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Carl Laemmle

Carl Laemmle

Born Karl Lämmle on 17th January, 1867 in Laupheim, Württemberg, Carl Laemmle was one of the great pioneers of the American film industry, and founder of one of the giants of Hollywood, Universal Studios.

Being personally involved in over 400 films throughout his career, Laemmle is regarded as one of the most important personalities of the cinema era, despite humble beginnings.

Originally from the Radstrasse, just outside the former Jewish quarter of Laupheim, Carl Laemmle emigrated to the US in 1884, and worked diligently as a bookkeeper in Chicago for over twenty years. He started his career in motion pictures by buying nickleodeons, eventually expanding his network into a distribution group called The Laemmle Film Service. Asked once in interview how to pronounce his name, he replied: “The name means little lamb, and is pronounced as if it were spelled ‘lem-lee’.”

A Pictorial History of Universal Monsters Volume 1: the Twenties and Thirties Magazine

Merging his business with those of Pat Powers, Mark Dintenfass, William Swanson, David Horsley, Charles Baumann and Adam Kessel, Laemmle was an inaugural partner of The Universal Film Manufacturing Company, which was incorporated in New York on 30th April, 1912. The original studios were in Fort Lee, New Jersey, before they relocated to a 235 acre lot at San Fernando Valley, California.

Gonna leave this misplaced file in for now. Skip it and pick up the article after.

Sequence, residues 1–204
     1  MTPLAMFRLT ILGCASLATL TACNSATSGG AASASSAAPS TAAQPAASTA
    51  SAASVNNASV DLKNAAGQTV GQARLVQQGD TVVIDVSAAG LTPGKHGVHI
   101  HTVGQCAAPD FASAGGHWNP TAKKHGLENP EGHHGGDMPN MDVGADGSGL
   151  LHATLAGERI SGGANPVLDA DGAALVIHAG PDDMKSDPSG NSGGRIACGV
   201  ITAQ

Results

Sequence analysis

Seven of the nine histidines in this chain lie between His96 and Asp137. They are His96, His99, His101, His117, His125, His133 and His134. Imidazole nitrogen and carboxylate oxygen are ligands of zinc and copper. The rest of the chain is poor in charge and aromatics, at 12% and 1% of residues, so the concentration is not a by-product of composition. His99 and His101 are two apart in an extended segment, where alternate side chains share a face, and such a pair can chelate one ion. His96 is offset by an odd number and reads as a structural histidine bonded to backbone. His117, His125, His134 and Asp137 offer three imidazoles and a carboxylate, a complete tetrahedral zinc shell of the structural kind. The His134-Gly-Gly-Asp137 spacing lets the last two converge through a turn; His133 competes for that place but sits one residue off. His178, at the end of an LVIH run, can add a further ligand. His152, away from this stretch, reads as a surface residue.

Eventually working alongside his son, Carl Laemmle Jr, during the early 1930s, Laemmle became notorious for a number of expensive flops, with occasional successes such as Back Street (1932) and Show Boat (1936) as well, of course, as all the classic Universal horror films. The pair were forced out of the company in 1936.

Laemmle is known to have possessed an altruistic nature, and spent vast sums of his fortune sponsoring Jews from Laupheim and Württemberg to emigrate from Nazi Germany to the US, paying both emigration and immigration fees, thus saving them from certain death in the Holocaust. He also intervened in the fate of the refugees on board the SS St Louis, who were ultimately sent back from Havana to Europe in 1939.

Carl Laemmle died from cardiovascular disease in Beverly Hills on 24th September, 1939, aged 72. His remains lie in the Chapel Mausoleum at Home of Peace Cemetery.

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